Sunday, July 12, 2009

Greetings from Southampton

I am not a morning person, but there's something about books that has always seemed to motivate me enough to get up before sunrise. As I kid, I would sneak into the living room and read, then sneak back into bed before my parents came to wake me for school. And there's something about sitting down to work while the morning hours are still in the single digits that makes me feel especially productive. Today is no exception.

This morning I am writing from the Stony Brook campus in Southampton, where I have been attending the Southampton Children's Literature Conference. Some highlights:

*Norton Juster of Phantom Tollbooth fame spoke, then signed books. He wins the prize for writing the funniest inscription of any signed book I own.

*Daily Workshops with Tor Seidler, where I discovered that the novel I had set aside is, indeed, not hopeless.

*Marketing Talk by Emma Walton Hamilton, who wins the prize for talking about the publishing process and not scaring me half to death!

*Research Talk by Catherine Creedon, wherein I learned that Wikipedia is not the scourge of research resources, but a perfectly good research tool, if used properly.

and, of course...

*Julie Andrews, reading from the new anthology of poetry, which she compiled together with her daughter, Emma Walton Hamilton. She talked about her father and how he memorized poems so that when he walked alone he would never be lonely. I was reminded of my seventh grade English teacher who insisted we memorize several passages from Shakespeare so that if we were ever stranded on a deserted isle, we could recite them and not be bored. Somehow, I have a feeling if I were stranded on a desert island, being bored would be the least of my problems. I like Julie Andrews' reasoning better and I the idea of keeping poems as good friends.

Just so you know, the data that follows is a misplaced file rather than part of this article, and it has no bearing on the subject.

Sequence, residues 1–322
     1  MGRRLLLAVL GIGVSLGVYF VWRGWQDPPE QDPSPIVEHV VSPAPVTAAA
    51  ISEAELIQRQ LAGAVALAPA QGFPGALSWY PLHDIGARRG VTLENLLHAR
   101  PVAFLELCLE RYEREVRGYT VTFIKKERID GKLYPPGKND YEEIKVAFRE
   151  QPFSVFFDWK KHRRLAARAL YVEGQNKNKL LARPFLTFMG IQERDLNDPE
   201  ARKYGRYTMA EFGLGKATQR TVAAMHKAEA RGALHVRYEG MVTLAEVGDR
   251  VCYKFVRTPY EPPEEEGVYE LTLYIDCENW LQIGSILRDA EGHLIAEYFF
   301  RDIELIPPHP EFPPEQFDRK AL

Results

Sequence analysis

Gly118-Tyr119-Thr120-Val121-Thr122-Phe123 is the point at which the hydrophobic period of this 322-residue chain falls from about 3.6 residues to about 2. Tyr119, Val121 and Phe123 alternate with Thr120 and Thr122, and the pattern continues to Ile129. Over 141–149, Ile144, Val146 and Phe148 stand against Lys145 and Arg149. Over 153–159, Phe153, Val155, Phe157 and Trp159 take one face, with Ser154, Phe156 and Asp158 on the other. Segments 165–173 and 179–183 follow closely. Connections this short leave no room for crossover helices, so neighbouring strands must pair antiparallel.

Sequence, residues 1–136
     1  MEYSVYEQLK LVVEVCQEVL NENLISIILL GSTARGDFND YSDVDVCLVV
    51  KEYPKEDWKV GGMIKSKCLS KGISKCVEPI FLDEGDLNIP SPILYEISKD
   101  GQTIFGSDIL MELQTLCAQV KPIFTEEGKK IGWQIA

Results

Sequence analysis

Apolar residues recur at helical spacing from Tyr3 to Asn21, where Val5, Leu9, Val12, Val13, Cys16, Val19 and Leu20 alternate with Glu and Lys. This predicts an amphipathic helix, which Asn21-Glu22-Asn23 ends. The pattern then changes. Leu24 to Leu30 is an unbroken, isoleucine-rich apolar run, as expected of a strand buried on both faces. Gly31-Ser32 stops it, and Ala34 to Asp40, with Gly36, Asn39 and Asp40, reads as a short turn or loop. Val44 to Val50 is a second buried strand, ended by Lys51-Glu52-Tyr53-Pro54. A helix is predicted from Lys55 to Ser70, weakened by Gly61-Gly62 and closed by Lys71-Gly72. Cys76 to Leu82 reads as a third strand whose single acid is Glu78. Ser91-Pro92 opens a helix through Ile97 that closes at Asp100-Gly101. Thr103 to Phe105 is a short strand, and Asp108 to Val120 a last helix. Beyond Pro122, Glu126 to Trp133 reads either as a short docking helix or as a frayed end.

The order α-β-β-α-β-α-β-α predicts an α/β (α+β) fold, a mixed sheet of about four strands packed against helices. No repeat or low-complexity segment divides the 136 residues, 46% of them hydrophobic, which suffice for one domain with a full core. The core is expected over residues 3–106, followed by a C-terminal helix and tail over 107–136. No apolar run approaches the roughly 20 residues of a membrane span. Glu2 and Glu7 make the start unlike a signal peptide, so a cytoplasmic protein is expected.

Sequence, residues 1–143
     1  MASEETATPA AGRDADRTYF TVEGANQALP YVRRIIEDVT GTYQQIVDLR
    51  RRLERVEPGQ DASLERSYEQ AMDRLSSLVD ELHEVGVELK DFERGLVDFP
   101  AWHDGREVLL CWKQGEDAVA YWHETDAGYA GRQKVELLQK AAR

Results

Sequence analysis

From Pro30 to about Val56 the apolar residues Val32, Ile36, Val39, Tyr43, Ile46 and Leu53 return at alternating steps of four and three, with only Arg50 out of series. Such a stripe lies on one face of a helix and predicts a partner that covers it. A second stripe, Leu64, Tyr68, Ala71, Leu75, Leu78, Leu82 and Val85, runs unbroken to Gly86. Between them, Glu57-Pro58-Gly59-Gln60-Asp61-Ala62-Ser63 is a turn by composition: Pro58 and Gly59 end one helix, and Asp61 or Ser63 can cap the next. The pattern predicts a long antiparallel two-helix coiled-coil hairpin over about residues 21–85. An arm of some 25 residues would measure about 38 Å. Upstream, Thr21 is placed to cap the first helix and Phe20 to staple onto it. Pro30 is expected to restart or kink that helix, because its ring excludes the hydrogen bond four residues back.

Speaking of friends, that was perhaps the best part of this conference. In just five days, I met many talented writers and fellow conference attendees who I am honored now to call my friends. As the conference comes to a close, I look forward to continuing these friendships and someday seeing all our names in print.